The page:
Three things we learned about the Bulls

Following the Vodacom Bulls’ Currie Cup success, CRAIG LEWIS pinpoints three takeaways from the title-winning team’s season.

Golden oldies added value

Not all of the Bulls’ player recruitments panned out as expected, but even though many questions were asked (and a few jokes made) when Morne Steyn returned to Loftus in early 2020, he repaid that faith in the most emphatic fashion.

Steyn was quite sensational throughout this past domestic season, with the 36-year-old rolling back the years to make important contributions on and off the field.

Cornal Hendricks, 32, was another memorable performer, and his successful transition to centre was one of the good-news stories for South African rugby. Duane Vermeulen, 34, was also all class, while Trevor Nyakane was another member of the ‘over-30s’ club who enjoyed a standout season.

It’s only a pity Gio Aplon suffered a serious injury early on in the Bulls’ campaign as there is every chance the 38-year-old would have been another valuable contributor.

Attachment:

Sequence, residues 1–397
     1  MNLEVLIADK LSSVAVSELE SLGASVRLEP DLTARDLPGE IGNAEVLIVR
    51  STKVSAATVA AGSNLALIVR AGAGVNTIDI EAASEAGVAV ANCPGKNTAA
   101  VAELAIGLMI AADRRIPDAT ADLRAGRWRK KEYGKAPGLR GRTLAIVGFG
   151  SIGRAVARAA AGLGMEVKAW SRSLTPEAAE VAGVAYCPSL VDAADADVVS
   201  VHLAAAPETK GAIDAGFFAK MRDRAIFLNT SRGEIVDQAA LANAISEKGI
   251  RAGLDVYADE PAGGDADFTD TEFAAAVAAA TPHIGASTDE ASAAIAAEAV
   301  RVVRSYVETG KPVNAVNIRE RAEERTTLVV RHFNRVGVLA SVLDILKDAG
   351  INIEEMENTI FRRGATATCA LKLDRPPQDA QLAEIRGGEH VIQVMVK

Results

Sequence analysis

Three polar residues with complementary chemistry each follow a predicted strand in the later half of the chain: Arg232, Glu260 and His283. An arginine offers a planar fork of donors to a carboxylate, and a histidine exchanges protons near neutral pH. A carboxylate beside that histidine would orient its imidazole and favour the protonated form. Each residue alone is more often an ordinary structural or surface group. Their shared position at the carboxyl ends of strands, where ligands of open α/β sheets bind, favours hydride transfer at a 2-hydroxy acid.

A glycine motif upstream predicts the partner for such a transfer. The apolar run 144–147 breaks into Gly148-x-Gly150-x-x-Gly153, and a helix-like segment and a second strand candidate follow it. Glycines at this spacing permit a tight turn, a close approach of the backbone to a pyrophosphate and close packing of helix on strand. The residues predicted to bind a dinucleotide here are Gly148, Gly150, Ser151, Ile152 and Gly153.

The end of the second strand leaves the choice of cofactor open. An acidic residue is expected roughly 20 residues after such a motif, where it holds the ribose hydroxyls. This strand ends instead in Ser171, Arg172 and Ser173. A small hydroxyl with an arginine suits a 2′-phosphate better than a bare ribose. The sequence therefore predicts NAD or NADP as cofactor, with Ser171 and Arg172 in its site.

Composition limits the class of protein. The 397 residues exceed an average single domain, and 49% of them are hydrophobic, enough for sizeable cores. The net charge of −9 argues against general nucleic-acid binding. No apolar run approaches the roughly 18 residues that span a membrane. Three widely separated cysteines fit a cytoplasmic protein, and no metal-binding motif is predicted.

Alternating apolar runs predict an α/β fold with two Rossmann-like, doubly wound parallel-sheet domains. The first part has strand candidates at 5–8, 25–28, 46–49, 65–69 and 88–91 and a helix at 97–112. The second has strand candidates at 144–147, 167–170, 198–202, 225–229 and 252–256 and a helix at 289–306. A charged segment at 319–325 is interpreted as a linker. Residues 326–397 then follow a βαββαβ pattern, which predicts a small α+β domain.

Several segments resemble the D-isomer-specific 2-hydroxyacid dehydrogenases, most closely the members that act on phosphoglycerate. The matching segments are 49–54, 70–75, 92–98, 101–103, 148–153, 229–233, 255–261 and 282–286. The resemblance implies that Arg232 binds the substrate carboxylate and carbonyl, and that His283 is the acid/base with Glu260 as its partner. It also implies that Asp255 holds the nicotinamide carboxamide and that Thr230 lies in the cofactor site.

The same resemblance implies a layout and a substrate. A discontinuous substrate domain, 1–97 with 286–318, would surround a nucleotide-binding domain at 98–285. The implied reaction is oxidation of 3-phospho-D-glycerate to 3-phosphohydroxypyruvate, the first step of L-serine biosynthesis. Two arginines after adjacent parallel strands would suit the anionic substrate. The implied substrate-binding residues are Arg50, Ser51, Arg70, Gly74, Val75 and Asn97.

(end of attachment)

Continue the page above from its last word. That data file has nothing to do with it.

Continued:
Bulls weren’t just one-dimensional

Prior to the start of the new-look season, many perceived the recruitment of several forwards as further indication that the Bulls would rely heavily on a strong pack and the kicking game of Steyn and the scrumhalves.

Call it 10-man rugby or what has been termed as ‘Jake-ball’ by some, but there weren’t many who expected the Bulls to make such an impression in several key attacking areas.

Yet, their ability to complement a powerful pack with some compelling intent and variety on attack meant they were able to offer more than just one or two predictable threats.

ALSO READ: Bulls, Steyn defying expectations

The use of outside consultants was an unheralded masterstroke 

Although legendary Springbok scrumhalf Fourie du Preez worked only part time as a coaching consultant, both Ivan van Zyl and Embrose Papier hailed his influence.

As one of the greatest scrumhalves to ever play the game, Du Preez shared pearls of wisdom from an illustrious career, and it can surely be no coincidence that both Van Zyl and Papier enjoyed the sort of seasons that could bring them back into the national conversation.

Another unsung hero from the Bulls’ campaign was the role of highly regarded sports psychologist Henning Gericke, who was brought in by White to help ensure the team’s mental preparations were also on point.

He was a key figure in building the Bulls’ vision around a key theme of the season, which revolved around the number 24 and several symbolic and motivational factors as the Pretoria-based side eventually went on to claim a 24th Currie Cup title.

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Craig Lewis